Grindelwald adds a bevy of new characters, including future horcrux Nagini, Newt’s stick-in-the-mud brother Theseus (Callum Turner), Theseus’s fiancee (and Newt’s former crush) Leta Lestrange (Zoe Kravitz), and even legendary alchemist Nicolas Flamel (Brontis Jodorowsky), and the film goes out of its way to give each of them hasty scenes to carry on their own instead of keeping the focus squarely on Newt and his friends. If this were done successfully, I’d be praising how generous the script was with its minor players (“Everyone has a moment to shine!” I’d probably say), but that’s simply not what happens here. The plot is simply too dense — stodgy — to afford the additional detours Grindelwald takes. There are flashbacks within flashbacks, a climactic reveal-off that’s a less-inspired version of the Shrieking Shack from Prisoner of Azkaban, and worst of all, more than one dumb misunderstanding that estranges characters who should just talk to each other like adults.
And yet, the actors are so winning, and the world is so rich, it’s hard to hate the film. Redmayne’s performance is more lived-in this time around, effectively modulating Newt’s neuroses and affectations. I’ve already talked about Law and Fogler; Waterston is still excellent, but doesn’t get nearly enough to do. I must even grudgingly admit that I at least understand why Depp was cast as Grindelwald; he brings a (washed-up) rock star glamor to the proto-Voldemort, trotting out the same tired accent he’s used in half of his movies and waving his wand arm around like an orchestra conductor (just wait until the magical skull bong!) but he has an undeniable magnetism; I just wish it was, you know, someone else.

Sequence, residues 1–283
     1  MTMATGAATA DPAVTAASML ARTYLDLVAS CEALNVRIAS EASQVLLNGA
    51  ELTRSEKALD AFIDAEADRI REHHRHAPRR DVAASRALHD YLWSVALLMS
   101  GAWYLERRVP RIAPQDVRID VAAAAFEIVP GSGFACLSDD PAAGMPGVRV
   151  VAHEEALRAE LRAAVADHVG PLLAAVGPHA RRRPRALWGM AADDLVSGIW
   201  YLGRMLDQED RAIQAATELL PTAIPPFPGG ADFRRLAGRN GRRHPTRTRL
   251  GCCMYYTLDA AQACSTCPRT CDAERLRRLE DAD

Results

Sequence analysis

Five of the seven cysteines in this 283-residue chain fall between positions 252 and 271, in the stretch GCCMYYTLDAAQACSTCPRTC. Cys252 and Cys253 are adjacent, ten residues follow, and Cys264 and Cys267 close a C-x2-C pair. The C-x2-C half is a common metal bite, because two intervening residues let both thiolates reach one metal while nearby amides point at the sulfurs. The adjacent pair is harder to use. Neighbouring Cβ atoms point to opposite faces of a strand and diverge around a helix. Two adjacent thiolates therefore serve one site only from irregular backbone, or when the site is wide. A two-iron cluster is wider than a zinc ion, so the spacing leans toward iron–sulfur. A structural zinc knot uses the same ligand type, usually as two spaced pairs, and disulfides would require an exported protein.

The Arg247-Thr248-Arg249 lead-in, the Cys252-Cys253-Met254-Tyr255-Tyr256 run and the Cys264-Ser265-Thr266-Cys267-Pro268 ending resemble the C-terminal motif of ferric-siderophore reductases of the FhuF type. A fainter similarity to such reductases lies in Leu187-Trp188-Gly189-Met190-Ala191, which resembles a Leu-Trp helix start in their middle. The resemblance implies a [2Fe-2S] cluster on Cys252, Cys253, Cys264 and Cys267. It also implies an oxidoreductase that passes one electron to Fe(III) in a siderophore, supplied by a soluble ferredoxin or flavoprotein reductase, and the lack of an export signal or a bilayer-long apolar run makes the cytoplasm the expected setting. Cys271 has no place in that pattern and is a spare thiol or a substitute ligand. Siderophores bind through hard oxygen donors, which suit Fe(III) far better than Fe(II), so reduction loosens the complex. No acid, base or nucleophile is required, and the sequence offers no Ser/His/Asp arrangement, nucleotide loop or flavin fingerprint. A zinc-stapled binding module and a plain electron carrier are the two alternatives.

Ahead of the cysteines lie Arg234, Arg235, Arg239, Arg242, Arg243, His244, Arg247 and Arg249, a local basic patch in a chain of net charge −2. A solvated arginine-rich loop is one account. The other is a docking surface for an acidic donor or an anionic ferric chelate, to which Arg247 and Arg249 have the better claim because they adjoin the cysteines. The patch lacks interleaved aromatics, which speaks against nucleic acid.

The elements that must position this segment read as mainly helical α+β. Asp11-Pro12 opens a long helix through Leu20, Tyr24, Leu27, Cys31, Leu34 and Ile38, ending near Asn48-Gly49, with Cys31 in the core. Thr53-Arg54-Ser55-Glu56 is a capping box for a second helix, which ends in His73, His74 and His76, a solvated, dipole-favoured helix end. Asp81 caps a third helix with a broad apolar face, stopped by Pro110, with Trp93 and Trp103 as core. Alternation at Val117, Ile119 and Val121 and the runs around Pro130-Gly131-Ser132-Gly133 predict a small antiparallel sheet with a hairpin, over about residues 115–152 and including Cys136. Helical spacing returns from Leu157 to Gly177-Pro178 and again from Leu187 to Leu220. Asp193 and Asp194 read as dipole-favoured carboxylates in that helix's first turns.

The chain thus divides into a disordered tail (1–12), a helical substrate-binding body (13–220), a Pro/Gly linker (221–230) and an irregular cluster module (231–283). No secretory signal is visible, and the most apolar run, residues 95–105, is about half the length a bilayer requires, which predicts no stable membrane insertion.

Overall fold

That’s representative of many of Grindelwald’s problems, while flying in the face one of the elder Dumbledore’s most resonant lines from Goblet of Fire: “We must choose between what is easy, and what is right.” It would not have been easy to re-cast Depp, but it would have been right. It’s easy to provide fan service like seeing a young Professor McGonagall at Hogwarts, but it comes at the cost of wrecking the series’s pre-established timeline (she’s not even born until 10 years later)… to say nothing of the film’s final reveal, the implications of which even superfans are struggling to unpack. Longtime series director David Yates puts an eye-popping amount of new magic on display, as well as new additions to Newt’s menagerie (come for the baby Nifflers, stay for the Chinese lion-dragon hypebeast), but as the story moves in ever-darker directions, these interludes become more obligatory than wondrous.
Even Newt’s declaration early on that he “doesn’t do sides” rings awfully hollow in 2018. When one side is murdering toddlers and proclaiming entire groups of beings “less than,” and the other is trying to stop that, not choosing is itself a choice. The magizoologist eventually rouses himself to action, but this confection ultimately leaves a sour taste: Great presentation, gobs of filling, but a soggy bottom — with more portions looming.